First impressions of Docker on Windows 2016 TP5

Yesterday Microsoft announced the availabilty of the Windows 2016 Technical Preview 5. Sure I had to get in touch with that new toy as soon as possible to see what has changed since TP4 that was released in November 2015.

As I haven't found an Azure template (update: today I found Windows Server 2016 Technical Preview 5), I prepared my packer templates in a tp5 branch that still need some changes to automatically build and install Docker and the Docker base images.

packer build

Even without a 100% solution this was a good first starting point build a first Vagrant box to start with and to do the remaining steps from Container Host Deployment - Windows Server manually.

I'm really addicted to the automation workflow

  1. packer build
  2. vagrant box add
  3. vagrant up
  4. vagrant destroy -f

because you won't do it only once to build and have such a test environment. But setting it up is the hard way.

If you are impatient to wait for a complete packer template you can follow Arun Gupta's steps to build a TP5 VM in VirtualBox.

Now let's see what's new in the Technical Preview 5.

Way faster - no more sleep

Building some Docker images with one of the Windows Dockerfiles I tested with TP4 are now much faster and as well you do not need to do the workaround of sleeping some seconds in each RUN command. Just remove this and forget about it.

IP adresses can be inspected

One of the obstacles porting the Docker Birthday app to TP4 Windows containers was the missing ability to fetch the IP adress of each container.

Running docker inspect now shows the IP address of the container.

container ip address

I will have to test whether the links in a docker-compose.yml file will work as well to set up a simple multi container app using simple host names.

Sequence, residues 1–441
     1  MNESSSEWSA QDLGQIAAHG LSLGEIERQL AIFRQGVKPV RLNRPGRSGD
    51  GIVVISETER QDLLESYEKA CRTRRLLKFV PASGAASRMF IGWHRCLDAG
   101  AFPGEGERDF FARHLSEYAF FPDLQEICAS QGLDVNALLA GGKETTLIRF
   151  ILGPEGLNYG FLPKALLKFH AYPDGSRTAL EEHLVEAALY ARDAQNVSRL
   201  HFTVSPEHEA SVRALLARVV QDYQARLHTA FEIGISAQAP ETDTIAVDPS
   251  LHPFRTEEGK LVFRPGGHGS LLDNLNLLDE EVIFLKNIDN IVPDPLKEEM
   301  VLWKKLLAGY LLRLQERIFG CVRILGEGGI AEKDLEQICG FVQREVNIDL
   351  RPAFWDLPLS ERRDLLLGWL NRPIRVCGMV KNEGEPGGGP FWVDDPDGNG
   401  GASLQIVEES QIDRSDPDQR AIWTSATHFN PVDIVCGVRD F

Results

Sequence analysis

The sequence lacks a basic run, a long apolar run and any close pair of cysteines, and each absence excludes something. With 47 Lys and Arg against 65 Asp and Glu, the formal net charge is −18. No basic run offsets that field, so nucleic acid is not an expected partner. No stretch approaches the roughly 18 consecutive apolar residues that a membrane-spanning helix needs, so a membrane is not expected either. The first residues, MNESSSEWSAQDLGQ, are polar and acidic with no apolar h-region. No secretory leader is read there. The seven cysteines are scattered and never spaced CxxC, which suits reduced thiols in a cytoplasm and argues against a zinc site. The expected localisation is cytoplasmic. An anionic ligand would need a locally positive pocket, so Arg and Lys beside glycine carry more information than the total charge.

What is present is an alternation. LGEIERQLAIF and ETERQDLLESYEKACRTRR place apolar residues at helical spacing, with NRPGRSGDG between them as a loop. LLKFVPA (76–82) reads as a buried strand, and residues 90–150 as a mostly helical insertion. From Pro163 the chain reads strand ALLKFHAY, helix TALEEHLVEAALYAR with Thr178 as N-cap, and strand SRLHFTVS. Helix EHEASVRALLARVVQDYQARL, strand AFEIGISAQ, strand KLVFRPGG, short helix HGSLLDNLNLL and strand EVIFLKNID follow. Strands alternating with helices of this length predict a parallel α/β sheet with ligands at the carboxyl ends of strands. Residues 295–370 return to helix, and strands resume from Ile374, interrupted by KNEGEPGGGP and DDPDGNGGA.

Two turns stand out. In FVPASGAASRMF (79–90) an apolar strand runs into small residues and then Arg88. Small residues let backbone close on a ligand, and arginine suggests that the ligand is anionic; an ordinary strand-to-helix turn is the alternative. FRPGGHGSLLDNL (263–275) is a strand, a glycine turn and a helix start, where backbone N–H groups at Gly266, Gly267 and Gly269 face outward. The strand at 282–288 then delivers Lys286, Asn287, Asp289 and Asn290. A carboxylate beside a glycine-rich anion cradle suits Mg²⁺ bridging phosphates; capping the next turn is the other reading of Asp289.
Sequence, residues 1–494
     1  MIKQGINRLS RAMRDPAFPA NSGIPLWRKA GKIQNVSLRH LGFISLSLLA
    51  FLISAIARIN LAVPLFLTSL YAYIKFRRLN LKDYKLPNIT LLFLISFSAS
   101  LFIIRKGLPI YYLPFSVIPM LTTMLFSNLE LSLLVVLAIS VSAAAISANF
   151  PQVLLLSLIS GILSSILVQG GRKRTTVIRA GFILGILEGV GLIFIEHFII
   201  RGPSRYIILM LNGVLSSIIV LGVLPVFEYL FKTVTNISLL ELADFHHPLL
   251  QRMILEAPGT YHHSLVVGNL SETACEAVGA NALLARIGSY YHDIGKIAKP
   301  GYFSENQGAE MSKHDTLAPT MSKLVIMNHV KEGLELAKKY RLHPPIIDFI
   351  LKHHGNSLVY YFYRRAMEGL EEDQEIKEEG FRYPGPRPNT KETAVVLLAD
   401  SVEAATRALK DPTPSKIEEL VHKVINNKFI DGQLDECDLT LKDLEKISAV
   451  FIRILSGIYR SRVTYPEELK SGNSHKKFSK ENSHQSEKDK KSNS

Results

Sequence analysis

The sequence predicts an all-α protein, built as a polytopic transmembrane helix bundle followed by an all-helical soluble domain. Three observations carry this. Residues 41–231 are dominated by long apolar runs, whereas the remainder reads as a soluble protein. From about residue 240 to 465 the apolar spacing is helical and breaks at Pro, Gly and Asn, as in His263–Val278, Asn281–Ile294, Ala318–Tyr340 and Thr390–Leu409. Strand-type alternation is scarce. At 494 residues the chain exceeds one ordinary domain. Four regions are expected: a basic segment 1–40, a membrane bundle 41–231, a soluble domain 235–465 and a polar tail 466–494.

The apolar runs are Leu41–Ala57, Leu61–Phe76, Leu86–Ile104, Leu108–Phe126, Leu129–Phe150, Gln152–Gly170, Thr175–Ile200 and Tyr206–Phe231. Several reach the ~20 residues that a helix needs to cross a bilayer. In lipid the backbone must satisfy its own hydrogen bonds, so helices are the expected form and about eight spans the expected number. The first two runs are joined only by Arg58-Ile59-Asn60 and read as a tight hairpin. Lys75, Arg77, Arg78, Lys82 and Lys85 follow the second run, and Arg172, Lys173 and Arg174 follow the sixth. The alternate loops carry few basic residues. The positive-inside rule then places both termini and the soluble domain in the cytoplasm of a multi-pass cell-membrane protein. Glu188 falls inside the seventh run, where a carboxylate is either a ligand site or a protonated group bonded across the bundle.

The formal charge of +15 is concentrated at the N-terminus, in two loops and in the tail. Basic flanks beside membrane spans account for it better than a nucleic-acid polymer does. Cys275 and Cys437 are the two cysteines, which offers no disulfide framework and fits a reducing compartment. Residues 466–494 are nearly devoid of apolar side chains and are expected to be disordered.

But that's a good improvement of the networking in Windows containers.

npipe is your unix socket

Another interesting thing is that the Docker engine now listens to a Windows named pipe, just like a Unix socket on Linux.

This leads to a very unixish behavior that you have to be "sudo" to run docker commands:

Running the docker client without adminstratotion rights you can't connect to it.

There is a way to allow specific users to use this named pipe just like on Linux adding users to the docker group, but I haven't found out the group name for this short test.

Kitematic meets Windows (again)

At this evening I also played with Docker for Windows Beta in a parallel VM and installed Kitematic there. As the Beta uses Kitematic without VirtualBox I thought this should also work well with TP5. So I took the ZIP file from the Beta download and tweaked my TP5 installation a little bit to make Kitematic talk to the Window Docker Engine.

My very pragmatic way to make this work was to add the local TCP port 2375 to the Docker Engine by editing the start script

notepad C:\ProgramData\docker\runDockerDaemon.cmd

and change the dockerd command to dockerd -H npipe:// -H and then run

restart-service docker

The downloaded version of Kitematic for the Beta also searches for docker.local, so I added the loopback IP address to the host table with

notepad C:\Windows\system32\drivers\etc\hosts


Now Kitematic starts up without creating a local VM and shows the local Windows containers on the left side.

There's a lot more to explore in TP5 as you now can pull and push Docker Images from and to the Docker Hub.

So stay tuned of upcoming blog posts. With the TP5 the community can follow the progress of Docker on Windows much better and can check the latest improvements and pull requests of the Windows Docker Engine.

If you find this blog post useful, just share it with your friends and colleages. Please leave a comment if you have questions or improvements. You can follow me on Twitter @stefscherer.

Stefan Scherer

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